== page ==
How to Create a Professional Invoice In The UK: Your step-by-step Guide

The invoice is your passport to payment. It lets clients know exactly what they owe you and how to pay you. The information it contains may be brief, but it is vital. Get it wrong and not only could your payment be delayed, but you risk coming across as unprofessional to the very people you hope to impress.

 

"THE INVOICE IS YOUR PASSPORT TO PAYMENT"

 

But the first-timers out there need not worry – here are some easy-to-follow steps to create an invoice with all the right elements and the stamp of professionalism.

 

Part 1: The Header.

Your name must be in the most prominent position – at the top of your invoice. Make this eye-catching – Remember – while an invoice is a means to an end, it is also an opportunity to showcase your brand. A nice logo goes on the header or on the position that you chose while it's shown properly to your clients.

You will need to title your invoice. If your name is in place on the left side of your header, then place the title ‘Invoice’ on the right side. Clarity is key with client communication and they should know this is an invoice as soon as they open it.

 

"CLARITY IS KEY WITH CLIENT COMMUNICATION"

 

Make sure your contact details are in place just below your name. Your invoicing address and your email must all be included.

 

Part 2: The Top of your Invoice.

Next up is your client’s name and address. For accounting reasons, your client may have a specific company name and address that they use so double check this with them. Missing out something as simple as a ‘Limited’ could lead to your invoice being rejected by accounts.

Do include the name of a person in the company you have been dealing with. This should get it to the right person and avoid it being lost in someone’s paper tray.

Each invoice should have its own unique tracking number to reference and monitor it.  You can number it as simply as ‘1, 2, 3…’ .This may seem a tedious task but it will prove valuable in the long run when chasing invoices and doing your taxes.

An invoice date will be the date from which your terms apply so make sure to include one. More on this later.

 

Part 3: The Body of your Invoice.

The main body of your invoice must include the breakdown of services for which you are charging. This will help the accounts team match your charges up with their records. There are a number of ways you can present this, but a table format with headings (naming the items for example) is often the most effective.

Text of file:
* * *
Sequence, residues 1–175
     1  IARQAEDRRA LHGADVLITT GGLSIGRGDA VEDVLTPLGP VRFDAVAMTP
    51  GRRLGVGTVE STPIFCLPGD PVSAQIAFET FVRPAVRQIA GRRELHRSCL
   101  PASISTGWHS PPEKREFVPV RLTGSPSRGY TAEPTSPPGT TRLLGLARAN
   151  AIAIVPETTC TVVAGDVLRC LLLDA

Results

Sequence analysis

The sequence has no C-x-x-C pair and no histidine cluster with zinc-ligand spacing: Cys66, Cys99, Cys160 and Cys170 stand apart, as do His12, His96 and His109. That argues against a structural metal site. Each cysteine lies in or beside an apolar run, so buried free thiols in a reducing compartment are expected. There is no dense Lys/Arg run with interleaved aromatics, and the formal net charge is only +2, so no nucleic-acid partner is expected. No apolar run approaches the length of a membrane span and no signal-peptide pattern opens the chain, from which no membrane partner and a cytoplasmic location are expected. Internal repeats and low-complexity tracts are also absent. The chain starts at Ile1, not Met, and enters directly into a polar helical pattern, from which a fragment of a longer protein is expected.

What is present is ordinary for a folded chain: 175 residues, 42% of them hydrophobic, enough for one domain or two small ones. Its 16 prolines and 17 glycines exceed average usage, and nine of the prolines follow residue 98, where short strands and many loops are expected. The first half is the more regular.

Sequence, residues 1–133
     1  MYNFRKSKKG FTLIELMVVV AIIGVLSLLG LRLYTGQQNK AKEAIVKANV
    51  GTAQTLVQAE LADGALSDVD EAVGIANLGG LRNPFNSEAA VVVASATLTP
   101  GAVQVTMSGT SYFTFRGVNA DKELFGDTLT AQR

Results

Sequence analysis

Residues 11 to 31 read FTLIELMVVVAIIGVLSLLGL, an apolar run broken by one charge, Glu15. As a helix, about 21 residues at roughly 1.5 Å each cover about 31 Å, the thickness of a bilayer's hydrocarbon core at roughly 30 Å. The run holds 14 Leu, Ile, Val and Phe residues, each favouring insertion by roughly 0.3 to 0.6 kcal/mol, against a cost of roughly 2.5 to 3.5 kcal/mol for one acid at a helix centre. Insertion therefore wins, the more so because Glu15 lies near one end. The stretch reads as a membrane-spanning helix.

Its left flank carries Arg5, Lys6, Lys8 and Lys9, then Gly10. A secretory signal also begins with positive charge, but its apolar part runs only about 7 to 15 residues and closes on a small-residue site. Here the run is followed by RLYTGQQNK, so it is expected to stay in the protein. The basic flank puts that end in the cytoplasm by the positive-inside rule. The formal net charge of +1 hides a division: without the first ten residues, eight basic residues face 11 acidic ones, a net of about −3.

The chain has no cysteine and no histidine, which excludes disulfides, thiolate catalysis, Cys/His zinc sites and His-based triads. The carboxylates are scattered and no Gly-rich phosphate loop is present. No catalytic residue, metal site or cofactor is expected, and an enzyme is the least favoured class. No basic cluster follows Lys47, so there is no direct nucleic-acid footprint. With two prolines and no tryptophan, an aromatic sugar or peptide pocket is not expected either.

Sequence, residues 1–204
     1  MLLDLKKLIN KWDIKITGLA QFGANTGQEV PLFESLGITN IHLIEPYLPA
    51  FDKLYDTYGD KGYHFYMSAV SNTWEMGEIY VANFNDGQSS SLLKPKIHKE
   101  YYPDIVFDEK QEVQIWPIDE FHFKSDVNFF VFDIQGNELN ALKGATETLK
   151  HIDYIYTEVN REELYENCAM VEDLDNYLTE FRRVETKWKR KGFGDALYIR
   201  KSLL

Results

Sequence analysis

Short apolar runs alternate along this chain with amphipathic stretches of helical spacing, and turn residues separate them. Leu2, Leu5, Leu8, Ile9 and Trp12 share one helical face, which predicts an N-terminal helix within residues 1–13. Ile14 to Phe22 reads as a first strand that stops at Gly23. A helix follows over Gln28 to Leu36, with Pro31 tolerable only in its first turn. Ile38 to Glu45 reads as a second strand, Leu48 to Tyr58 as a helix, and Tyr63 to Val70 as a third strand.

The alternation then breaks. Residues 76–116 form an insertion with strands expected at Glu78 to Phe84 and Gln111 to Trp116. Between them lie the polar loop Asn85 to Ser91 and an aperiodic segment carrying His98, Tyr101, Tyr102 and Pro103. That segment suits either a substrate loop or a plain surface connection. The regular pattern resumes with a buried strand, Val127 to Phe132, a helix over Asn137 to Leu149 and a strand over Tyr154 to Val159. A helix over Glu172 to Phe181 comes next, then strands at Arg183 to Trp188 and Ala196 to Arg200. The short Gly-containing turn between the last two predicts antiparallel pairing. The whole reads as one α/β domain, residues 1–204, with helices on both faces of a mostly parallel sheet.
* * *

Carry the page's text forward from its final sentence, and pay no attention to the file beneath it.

Most important of all, this is the section where you include the amount you are due in payment. It helps to add a charge by each individual service provided so the breakdown is clear. If you are a company registered for VAT, you must include this here too and should split your totals as follows:

Subtotal:

VAT (if applicable):

Total Amount:

Make sure to double and triple check the amounts – miscalculations are common and could delay payment or worse, have to be addressed post-payment. The current rate of VAT is 20% in the UK.

 

Part 4: The Bottom of your Invoice.

Finally it is time to confirm how you would like to be paid. At the bottom of the invoice clarify whether you expect to be paid.

  • For electronic payments, this is the place to confirm your account details (Sort Code, Account Number). 
  • Clarify your terms underneath. Most invoices have 30 day payment terms but this is something you can decide when you are negotiating payment with you client.
  • Do include a polite note of thanks at the bottom. A well-mannered ending to your dealings with the client will always work to your benefit.

We can appreciate this can be a lot to take in at first. Here is a visual example to help:

 

What next?

Before sending make sure to check through your invoice for any errors – a simple typo can result in it being rejected by accounts.  

You’re more likely to get paid on time when your client receives the invoice on the day your work is completed, so try and submit them promptly. We understand how difficult this is for freelancers to keep across and we have an ideal solution for you – the free mobile app Albert.  

Albert is a simple-to-use mobile app that allows you to invoice your customers on the go. It produces excellent invoices in really professional format, with functions including easy logo upload which is shown on the client’s email once he opens the invoice and a database with all business invoicing addresses.

If you find yourself intimidated by the invoicing process, make your life a little easier by downloading Albert now.